1. What is an addict? Is an addict someone who lives in an abandoned building surrounded by used up needles? Is an addict the homeless man in the park? Maybe the addict is the little old lady who smiles every time you walk by her porch.

    The truth is that an addict can be anyone and they can be addicted to almost anything. The New American Webster Handy College Dictionary 3rd edition claims that an addict is "one who has a confirmed habit". Most people have habits, but they may not necessarily be an addiction.

    The actual defining characteristics of an addict are that they do not feel a want for whatever they are addicted to. Instead, they feel a need for it and this need is usually associated ending some sort of pain, whether it be physical or mental. There is a compulsion to do the activity that the addiction is associated with.

    An addiction is one type of mental illness. A  mental illness is any issue that causes problems with day to day tasks. While some addictions may not be seen to cause problems with day to day tasks, in the bigger picture, they really do.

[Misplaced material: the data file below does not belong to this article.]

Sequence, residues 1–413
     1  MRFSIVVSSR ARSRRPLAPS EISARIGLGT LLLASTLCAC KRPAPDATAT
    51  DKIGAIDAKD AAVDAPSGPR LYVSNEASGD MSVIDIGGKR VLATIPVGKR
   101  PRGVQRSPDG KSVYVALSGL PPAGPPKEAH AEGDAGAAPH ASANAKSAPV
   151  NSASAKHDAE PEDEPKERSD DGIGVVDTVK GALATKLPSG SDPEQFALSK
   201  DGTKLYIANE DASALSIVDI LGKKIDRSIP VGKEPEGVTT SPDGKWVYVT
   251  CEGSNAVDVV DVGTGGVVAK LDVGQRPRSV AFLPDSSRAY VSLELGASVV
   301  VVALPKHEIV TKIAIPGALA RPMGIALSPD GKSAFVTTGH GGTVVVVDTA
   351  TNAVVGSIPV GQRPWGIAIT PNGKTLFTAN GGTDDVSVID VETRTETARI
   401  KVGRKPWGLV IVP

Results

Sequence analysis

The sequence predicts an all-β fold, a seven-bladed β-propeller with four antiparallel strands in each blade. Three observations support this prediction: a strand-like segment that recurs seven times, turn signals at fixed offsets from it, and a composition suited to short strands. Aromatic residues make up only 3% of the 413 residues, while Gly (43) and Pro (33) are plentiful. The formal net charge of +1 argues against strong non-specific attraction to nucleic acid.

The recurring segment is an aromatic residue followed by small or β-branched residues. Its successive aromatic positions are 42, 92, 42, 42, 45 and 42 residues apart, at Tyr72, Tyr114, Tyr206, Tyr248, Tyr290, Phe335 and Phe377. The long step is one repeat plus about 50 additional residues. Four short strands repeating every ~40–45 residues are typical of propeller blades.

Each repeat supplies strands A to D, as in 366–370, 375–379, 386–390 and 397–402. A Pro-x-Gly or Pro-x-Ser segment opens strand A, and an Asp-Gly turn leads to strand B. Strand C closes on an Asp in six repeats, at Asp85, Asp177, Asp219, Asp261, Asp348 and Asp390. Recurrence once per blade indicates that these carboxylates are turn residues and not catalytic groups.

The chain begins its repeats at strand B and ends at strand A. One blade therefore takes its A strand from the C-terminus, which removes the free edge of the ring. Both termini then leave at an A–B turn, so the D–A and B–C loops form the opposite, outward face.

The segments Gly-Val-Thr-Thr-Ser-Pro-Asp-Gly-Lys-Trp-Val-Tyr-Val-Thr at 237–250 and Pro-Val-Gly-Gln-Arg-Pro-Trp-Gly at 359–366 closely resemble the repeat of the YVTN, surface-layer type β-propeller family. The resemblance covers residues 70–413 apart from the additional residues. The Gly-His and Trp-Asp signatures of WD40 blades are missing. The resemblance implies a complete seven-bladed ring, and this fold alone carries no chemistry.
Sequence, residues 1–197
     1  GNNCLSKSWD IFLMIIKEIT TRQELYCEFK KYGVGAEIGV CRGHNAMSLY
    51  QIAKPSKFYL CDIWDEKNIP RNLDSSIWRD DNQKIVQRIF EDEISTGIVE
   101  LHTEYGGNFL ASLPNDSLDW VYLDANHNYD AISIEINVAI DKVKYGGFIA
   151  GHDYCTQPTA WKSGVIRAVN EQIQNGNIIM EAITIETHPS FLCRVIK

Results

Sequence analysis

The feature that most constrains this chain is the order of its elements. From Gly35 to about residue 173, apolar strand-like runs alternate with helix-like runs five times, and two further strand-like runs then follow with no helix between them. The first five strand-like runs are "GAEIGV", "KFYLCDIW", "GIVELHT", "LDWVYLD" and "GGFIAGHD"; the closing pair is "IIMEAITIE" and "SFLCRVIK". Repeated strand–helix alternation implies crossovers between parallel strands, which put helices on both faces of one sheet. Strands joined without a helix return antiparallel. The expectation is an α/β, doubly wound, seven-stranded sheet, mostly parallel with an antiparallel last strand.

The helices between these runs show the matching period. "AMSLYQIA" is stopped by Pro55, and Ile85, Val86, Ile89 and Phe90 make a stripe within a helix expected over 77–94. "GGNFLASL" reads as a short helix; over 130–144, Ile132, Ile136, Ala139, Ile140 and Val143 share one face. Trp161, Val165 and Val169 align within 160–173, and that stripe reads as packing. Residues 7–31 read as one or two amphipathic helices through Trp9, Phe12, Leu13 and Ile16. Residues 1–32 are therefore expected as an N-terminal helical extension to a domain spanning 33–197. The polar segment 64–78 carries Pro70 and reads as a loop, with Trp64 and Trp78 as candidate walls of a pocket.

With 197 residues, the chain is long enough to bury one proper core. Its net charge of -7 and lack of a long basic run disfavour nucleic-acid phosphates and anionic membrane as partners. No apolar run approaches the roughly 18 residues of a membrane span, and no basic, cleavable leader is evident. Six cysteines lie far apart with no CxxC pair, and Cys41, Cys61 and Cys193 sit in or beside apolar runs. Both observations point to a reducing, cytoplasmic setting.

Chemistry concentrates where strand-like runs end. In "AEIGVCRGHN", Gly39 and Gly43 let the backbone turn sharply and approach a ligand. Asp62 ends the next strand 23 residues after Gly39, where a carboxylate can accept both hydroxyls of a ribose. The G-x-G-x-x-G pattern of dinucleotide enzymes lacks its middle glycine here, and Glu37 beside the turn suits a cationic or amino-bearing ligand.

For instance, one can be addicted to video games. While this may seem harmless, it can interfere with social activities and skills as well as daily activities that would be done if the person wasn’t playing a video game. The most commonly known type of addictions are drug and alcohol addictions, but this is only because those versions are more obvious and are actively doing harm to the body, while addictions like video game addictions are indirectly doing harm to the body by lack of exercise and posture.

    Addiction is blind. It does not care about economic class, race or gender. It strikes all manner of people at all ages. It is an all consuming need that must be met in order to avoid withdrawal symptoms. These symptoms can vary depending on the specifics of the addiction. Every withdrawal will include great measures of anxiety and nervousness, regardless of any other withdrawal symptoms.

    Addiction in short is a mistress that will be appeased or will cause pain. There are no other options. While the pain of withdrawal will generally not be a life long pain, it is acute enough to be excruciating to the addict and may cause the addict to take extreme measures to meet the needs of the addiction.

    Reference: The New American Webster Handy College Dictionary and the Encyclopedia of Mental Health

    Photo courtesy of Foxtongue under the creative commons license with attribution rights reserved

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